Oprah Winfrey Says Russell Simmons' Pressure Didn't Make Her Quit Documentary

The Harpo CEO admits there's pressure from the record producer to abandon the film that puts the spotlight on his alleged sexual misconduct victims, but in the end it's not what led to her decision to drop out of the project.

AceShowbiz - Oprah Winfrey didn't quit a documentary about Russell Simmons accusers because of pressure from the record executive. In an interview published by The New York Times on Friday, January 17, the former daytime talk show queen acknowledges the co-founder of Def Jam Recordings tried to push her into abandoning the film, but in the end it's her own concern that led to her decision to cut ties with the project.

"He did reach out multiple times and attempted to pressure me," says the media mogul. She tells the site that Russell's attempt to block the movie "involved an intense campaign by Mr. Simmons and his supporters to get Ms. Winfrey to pull the plug. That campaign also targeted some of the women in the film on social media and, in at least one case, through direct contact with a family member, in what the women viewed as attempts to threaten and intimidate them ahead of the film's premiere at Sundance, still scheduled for Jan. 25."

But Oprah refused to be pressured by Russell. "I told him directly in a phone call that I will not be pressured either into, or out of, backing this film," she says of her reaction to his campaign. "I am only going to do what I believe to be the right thing."

The 65-year-old actress/television producer explains that there were some issues with the film, including inconsistencies in the accuser Drew Dixon's story about her interactions with Russell. Oprah, however, says that she still believes, though she was troubled by "inconsistencies in her account that the film had not adequately addressed."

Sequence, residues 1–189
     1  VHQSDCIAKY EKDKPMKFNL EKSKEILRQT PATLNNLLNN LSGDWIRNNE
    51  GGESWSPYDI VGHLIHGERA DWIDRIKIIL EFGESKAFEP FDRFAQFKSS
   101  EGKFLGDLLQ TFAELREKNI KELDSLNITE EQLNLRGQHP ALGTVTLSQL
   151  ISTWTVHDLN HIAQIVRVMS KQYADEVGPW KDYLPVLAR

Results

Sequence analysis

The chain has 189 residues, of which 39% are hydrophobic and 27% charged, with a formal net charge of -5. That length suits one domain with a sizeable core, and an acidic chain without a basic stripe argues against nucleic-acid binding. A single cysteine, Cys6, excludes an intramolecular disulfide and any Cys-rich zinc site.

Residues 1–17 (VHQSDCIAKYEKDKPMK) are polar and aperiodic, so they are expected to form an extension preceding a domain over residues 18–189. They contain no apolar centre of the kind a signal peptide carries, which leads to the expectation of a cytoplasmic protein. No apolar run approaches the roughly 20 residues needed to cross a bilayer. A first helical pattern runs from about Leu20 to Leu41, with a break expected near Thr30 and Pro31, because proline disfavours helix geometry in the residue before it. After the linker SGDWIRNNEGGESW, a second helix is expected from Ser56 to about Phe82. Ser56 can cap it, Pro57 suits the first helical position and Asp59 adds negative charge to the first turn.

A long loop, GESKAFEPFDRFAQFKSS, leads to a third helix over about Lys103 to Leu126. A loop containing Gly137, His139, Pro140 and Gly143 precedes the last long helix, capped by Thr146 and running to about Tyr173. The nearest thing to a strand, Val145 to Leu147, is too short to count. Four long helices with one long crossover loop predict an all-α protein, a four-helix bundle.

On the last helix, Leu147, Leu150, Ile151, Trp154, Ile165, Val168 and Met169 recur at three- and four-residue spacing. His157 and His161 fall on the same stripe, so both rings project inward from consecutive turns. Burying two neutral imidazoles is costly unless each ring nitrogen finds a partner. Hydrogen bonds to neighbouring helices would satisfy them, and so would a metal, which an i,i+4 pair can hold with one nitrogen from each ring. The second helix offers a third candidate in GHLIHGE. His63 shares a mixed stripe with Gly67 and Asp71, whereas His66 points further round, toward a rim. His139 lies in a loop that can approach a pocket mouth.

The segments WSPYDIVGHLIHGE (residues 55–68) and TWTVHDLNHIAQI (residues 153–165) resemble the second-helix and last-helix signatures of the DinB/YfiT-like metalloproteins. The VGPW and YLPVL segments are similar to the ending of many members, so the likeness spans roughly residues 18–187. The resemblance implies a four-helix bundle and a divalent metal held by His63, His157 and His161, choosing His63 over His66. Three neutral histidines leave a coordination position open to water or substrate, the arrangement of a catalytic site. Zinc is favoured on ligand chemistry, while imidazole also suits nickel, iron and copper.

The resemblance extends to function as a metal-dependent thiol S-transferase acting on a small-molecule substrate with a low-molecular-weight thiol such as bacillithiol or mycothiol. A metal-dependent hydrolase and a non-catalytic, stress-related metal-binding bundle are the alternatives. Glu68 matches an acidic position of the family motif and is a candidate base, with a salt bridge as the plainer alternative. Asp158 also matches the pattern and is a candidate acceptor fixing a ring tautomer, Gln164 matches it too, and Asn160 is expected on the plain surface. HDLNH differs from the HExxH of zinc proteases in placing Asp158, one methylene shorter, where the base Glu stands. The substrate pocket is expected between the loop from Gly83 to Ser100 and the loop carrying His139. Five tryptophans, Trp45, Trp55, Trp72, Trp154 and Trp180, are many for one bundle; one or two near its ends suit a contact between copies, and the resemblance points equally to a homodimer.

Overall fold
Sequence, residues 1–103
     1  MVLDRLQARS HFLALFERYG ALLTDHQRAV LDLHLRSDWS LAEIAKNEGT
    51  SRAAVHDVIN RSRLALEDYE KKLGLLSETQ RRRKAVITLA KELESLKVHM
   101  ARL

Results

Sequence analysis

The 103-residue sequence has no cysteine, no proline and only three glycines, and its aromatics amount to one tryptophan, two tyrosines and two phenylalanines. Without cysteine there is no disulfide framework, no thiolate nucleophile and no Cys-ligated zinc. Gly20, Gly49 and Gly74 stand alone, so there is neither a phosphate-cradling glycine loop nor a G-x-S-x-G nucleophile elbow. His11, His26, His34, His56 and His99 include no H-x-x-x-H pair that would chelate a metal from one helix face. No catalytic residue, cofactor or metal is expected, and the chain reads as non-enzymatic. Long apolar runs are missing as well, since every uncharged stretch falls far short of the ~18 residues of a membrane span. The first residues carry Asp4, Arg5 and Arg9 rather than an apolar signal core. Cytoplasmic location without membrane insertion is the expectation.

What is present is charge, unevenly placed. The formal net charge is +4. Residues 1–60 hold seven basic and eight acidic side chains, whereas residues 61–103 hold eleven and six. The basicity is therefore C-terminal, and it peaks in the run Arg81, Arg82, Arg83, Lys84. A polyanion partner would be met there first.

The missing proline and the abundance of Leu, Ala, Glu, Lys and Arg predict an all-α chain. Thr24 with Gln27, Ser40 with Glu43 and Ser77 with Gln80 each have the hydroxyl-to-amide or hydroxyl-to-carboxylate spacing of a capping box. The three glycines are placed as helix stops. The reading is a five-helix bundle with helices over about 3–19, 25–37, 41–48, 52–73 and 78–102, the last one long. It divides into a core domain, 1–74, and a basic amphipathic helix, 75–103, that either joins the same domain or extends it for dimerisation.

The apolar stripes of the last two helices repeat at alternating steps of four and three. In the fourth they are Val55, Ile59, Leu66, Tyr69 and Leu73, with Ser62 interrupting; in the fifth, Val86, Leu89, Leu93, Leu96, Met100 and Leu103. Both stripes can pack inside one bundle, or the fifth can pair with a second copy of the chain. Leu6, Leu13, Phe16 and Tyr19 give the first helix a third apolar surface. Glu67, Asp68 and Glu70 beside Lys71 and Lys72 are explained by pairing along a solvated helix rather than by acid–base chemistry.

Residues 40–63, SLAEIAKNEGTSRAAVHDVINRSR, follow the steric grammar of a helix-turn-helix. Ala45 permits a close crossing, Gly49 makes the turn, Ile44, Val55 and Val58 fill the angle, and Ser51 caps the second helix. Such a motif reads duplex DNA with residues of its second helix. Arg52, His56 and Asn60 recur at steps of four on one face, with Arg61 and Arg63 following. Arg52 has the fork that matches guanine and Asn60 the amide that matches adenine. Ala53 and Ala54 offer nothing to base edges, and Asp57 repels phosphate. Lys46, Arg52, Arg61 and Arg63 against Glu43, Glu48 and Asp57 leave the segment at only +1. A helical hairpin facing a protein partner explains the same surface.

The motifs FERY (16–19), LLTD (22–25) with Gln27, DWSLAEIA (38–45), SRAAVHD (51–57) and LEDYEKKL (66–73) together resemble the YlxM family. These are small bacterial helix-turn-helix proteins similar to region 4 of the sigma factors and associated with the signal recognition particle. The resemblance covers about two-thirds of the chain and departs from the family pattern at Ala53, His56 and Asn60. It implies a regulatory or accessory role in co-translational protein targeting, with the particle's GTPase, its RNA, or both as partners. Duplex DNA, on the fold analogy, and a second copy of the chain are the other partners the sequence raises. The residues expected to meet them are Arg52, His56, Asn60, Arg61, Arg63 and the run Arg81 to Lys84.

Oprah also sought advice from a friend and filmmaker Ava DuVernay about the film. She sent the documentary to the "Selma" director and asked her if filmmakers Kirby Dick and Amy Ziering, who are both white, captured the nuances of hip-hop culture and the struggles of black women. Ava gave a harsh critique on the matter, which also led to Oprah's decision to drop out of the movie.

Ava backs up Oprah's claim that she made a tough decision to quit the documentary, telling the Times, "She's got Simmons on one side pressuring her, and then she's got a film on the other side that she doesn't agree with. So if she walks away from the film she seems like she's caving to Simmons, and if she stays with the film then she's putting her name on something that she feels doesn't quite hit the mark."

Oprah's longtime best friend Gayle King said a similar thing about what led Oprah to made the decision. "I know this was a very stressful and very difficult decision for her to take her name off because she knows that her taking her name off because, as you point out, Russell has done a very public and very private campaign to convince her, she knows that the message that sends is that maybe she was muzzled. Nothing can be further from the case," she stressed.

The documentary, now called "On the Record", will have its premiere at Sundance Film Festival on January 25 and is currently looking for a distributor after Oprah canceled plans to stream it on Apple TV+.

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